Q: I was able to obtain a visa appointment, but it is not until after my program start date OR I have a visa, but I cannot arrive in the U.S. until after my current program start date. What should I do?
As policy, we do not change start dates on the current I-20/DS-2019 for late arrival per U.S. regulation. You must arrive by the start date of your program.
In some instances, Customs and Border Protection (CBP) and the Department of State (DOS) may allow late entry, but it is up to their discretion. If you want to keep a visa appointment and/or can arrive to the U.S. within 30 days after the program start date, you will need express permission from your academic department and/or department in which you are employed to assist. You must reach out and coordinate this with the department(s) and if permitted, ask for an official letter on academic department letterhead that contains:
- Language that gives express permission from the academic department to you for late arrival and state definitively the latest specific date that you can arrive (within 30 days from program start date),
- A statement that you can still make adequate progress in your academic work and GA work (if applicable) if arriving late, (you may need an additional letter from an employing department if different from your academic department)
- A statement about your enrollment attesting that you are enrolled full-time (or can enroll full-time), are not taking online course work or only taking one online course within your full-time credit requirements, and your physical presence is required on campus to pursue a degree in your program.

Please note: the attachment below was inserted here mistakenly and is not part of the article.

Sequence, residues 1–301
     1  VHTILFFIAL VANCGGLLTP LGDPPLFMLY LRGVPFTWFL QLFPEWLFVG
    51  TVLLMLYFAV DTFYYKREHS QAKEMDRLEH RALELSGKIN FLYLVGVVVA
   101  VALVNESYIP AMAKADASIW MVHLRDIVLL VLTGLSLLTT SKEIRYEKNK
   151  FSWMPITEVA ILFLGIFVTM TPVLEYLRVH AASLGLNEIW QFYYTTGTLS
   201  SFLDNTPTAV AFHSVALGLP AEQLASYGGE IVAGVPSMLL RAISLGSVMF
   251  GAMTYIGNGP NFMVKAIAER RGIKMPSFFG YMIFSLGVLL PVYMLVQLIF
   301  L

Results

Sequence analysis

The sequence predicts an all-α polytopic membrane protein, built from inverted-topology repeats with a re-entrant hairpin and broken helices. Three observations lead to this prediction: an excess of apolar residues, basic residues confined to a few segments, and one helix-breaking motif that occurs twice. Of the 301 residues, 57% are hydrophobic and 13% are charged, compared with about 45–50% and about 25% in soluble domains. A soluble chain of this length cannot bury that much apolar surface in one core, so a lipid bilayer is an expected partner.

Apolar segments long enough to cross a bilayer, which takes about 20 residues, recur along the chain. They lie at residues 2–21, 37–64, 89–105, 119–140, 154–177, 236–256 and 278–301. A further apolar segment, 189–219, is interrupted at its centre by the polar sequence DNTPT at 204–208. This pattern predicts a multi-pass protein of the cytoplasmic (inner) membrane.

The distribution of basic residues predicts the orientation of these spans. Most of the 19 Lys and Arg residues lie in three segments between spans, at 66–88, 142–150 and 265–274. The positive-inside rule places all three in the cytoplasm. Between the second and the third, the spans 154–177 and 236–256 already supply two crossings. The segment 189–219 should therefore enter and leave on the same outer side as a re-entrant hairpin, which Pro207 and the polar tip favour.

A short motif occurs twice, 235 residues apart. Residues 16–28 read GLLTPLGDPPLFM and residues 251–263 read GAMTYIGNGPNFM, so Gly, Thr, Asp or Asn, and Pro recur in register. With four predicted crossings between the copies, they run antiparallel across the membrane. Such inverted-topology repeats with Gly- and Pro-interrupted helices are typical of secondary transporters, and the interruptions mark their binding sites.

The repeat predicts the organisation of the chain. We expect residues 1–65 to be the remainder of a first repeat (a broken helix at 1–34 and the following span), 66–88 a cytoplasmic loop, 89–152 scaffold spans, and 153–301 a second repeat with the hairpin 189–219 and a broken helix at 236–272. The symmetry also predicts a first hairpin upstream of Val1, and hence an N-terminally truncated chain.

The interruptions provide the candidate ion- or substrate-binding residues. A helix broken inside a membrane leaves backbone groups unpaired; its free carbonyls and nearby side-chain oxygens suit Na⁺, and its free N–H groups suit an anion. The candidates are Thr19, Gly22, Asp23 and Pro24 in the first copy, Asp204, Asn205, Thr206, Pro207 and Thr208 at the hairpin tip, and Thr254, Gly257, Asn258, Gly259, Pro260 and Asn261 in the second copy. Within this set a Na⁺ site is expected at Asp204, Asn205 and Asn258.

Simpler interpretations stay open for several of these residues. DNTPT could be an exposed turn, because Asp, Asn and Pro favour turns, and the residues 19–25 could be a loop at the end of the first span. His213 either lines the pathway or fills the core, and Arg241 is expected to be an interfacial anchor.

This letter will need to be:
- on department letterhead
- signed by an official with authority to do so within the academic department/employer.
You will need to carry this letter with you if attempting entry into the U.S. at your own risk after the program start date. Your academic department and/or your department in which you are employed will let you know if late arrival is possible.
If it is not possible, you will need to request a deferral of the I-20/DS-2019 from ISSS by e-mailing firstname.lastname@example.org and a deferral of your admission from your academic department/international admissions.
You definitively cannot arrive after 30 days from your current program start date despite any academic department permissions per U.S. regulation and must defer if this is the case.
If this route is pursued, please be advised that visa issuance for late arrival will be up to the DOS and that entry into the U.S. is at the discretion of Customs and Border Protection. It is still possible to be denied a visa and/or be turned away at the U.S. border.
We still recommend deferral of the I-20/DS-2019 and admission date as late entry can be a difficult process at the embassy and at the border - leading to further issues.